The noxious city of writers and social observers
A noxious city: this was the damning verdict pronounced about the City of Light by its eighteenth-century French contemporaries.2 Across all social categories, classes, and communities, elites agreed to condemn the toxicity of a city suffocated by its narrow streets and dead ends, its houses built on bridges, and its city walls that no longer protected but instead obstructed air flow and prevented the removal of waste and putrid exhalations. Paris, this “immense ville dont l’influence maladive a tant d’étendue et d’effets,”3 was the focus of attention. Between 1750 and 1789, writers and foreign travelers painted a picture of Paris as a filthy and tumultuous place that needed to be cleared of all its domestic and artisanal clutter. “En sortant de Villejuif, nous découvrîmes un immense amas de maisons surmonté par un nuage de vapeur. Je demandais à mon père ce que c’était: ‘c’est Paris. C’est une grande ville.’” Thus did Nicolas Rétif de la Bretonne discover Paris in 1746,4 while among the greatest writers, Jean-Jacques Rousseau established its reputation as a city of dirt and corruption: “Combien l’abord de Paris démentit l’idée que j’en avais! […] en entrant dans le faubourg Saint-Marceau, je ne vis que de petites rues sales et puantes, de vilaines maisons noires, l’air de la malpropreté […]. Il m’en est resté toujours un secret dégoût pour l’habitation de cette capitale.” In 1750, on leaving the capital, he exclaimed, “Adieu donc Paris, ville célèbre, ville de bruit, de fumée et de boue.”5 These authors transformed their first encounter with Paris into a disappointment, and the theme of a squalid city became one of the literary topoi about arriving in Paris6—a topos that was in stark contrast with royal ambitions and urban design efforts to embellish the capital and adorn it with impressive monuments. At the end of the ancien régime, other foreign travelers (Young, Karamzine, etc.) continued to observe its narrow and filthy streets.7 There is no doubt that Paris was unclean and that the [End Page 87] authorities struggled mightily to rid the city of its muck. Louis-Sébastien Mercier noted that Paris, “la ville du monde la plus sale,” “se nommait jadis Lutetia, ville de boue.”8 Paris became known for its muck as much as for its narrow streets and areas of overcrowding and stagnation, all condemned for their stench and humidity.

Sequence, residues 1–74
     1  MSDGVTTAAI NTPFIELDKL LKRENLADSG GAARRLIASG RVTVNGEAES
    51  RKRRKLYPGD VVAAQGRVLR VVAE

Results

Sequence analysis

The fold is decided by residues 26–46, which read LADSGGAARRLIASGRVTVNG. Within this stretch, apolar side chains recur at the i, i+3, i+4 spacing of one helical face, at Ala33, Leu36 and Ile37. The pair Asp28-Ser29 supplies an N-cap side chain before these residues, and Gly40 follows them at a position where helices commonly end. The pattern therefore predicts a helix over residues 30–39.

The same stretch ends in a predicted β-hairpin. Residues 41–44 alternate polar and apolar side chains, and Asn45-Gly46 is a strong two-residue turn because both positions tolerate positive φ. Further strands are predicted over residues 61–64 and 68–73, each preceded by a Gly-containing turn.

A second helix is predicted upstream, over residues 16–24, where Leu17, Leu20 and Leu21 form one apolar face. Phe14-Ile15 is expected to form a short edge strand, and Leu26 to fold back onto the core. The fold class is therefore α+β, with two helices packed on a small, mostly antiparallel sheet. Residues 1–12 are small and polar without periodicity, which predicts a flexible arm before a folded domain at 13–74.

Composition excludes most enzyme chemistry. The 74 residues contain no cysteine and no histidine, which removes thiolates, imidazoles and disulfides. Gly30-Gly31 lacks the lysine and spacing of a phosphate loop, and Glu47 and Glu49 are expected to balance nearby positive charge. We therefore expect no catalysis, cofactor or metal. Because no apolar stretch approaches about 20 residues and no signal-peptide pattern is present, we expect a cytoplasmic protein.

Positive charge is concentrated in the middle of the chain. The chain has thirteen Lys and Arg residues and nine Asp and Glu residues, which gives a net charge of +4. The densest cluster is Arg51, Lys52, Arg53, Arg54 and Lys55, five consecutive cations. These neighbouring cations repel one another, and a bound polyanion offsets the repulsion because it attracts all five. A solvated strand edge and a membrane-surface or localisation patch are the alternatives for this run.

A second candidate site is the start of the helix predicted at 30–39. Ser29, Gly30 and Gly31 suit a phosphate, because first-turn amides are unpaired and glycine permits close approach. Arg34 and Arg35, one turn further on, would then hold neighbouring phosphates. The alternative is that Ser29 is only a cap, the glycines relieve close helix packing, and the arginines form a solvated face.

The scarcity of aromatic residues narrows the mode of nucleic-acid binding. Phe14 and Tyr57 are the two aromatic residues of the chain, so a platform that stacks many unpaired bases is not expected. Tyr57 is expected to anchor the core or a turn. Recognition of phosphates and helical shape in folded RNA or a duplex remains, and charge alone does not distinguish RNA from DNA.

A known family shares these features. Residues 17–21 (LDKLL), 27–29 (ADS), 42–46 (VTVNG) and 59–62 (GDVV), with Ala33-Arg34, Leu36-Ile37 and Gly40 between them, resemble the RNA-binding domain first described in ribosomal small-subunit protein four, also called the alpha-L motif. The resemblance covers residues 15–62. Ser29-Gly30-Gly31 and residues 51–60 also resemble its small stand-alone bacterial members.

In contrast with such a morbid city, the ideal city was one in which air circulated and where the streets and the river flowed freely. In 1749, Voltaire initiated a series of urban projects, quickly adopted by Parcieux, Poncet de la Grave, Quatremère de Quincy, and Patte,9 as well as Mercier, who in two essays provided an imaginary counterpoint to his Tableau de Paris, transporting Paris in space and time to better reveal its vices and defects and imagine improvements.10 From 1785, the houses on the Notre-Dame, Change, and Saint-Michel bridges were demolished and the Innocents cemetery was relocated, symbolizing the desire of the urban elite to breathe fresh clean air. Nonetheless, town improvement works to remodel some areas of Paris were slow, and the health situation in Paris was far from seeing any real improvement; the city continued to be mired in its filth, obstructions, and urban hazards. And so, in the century of Enlightenment, the realization that the capital’s urban ecology was stagnating or even worsening became unbearable.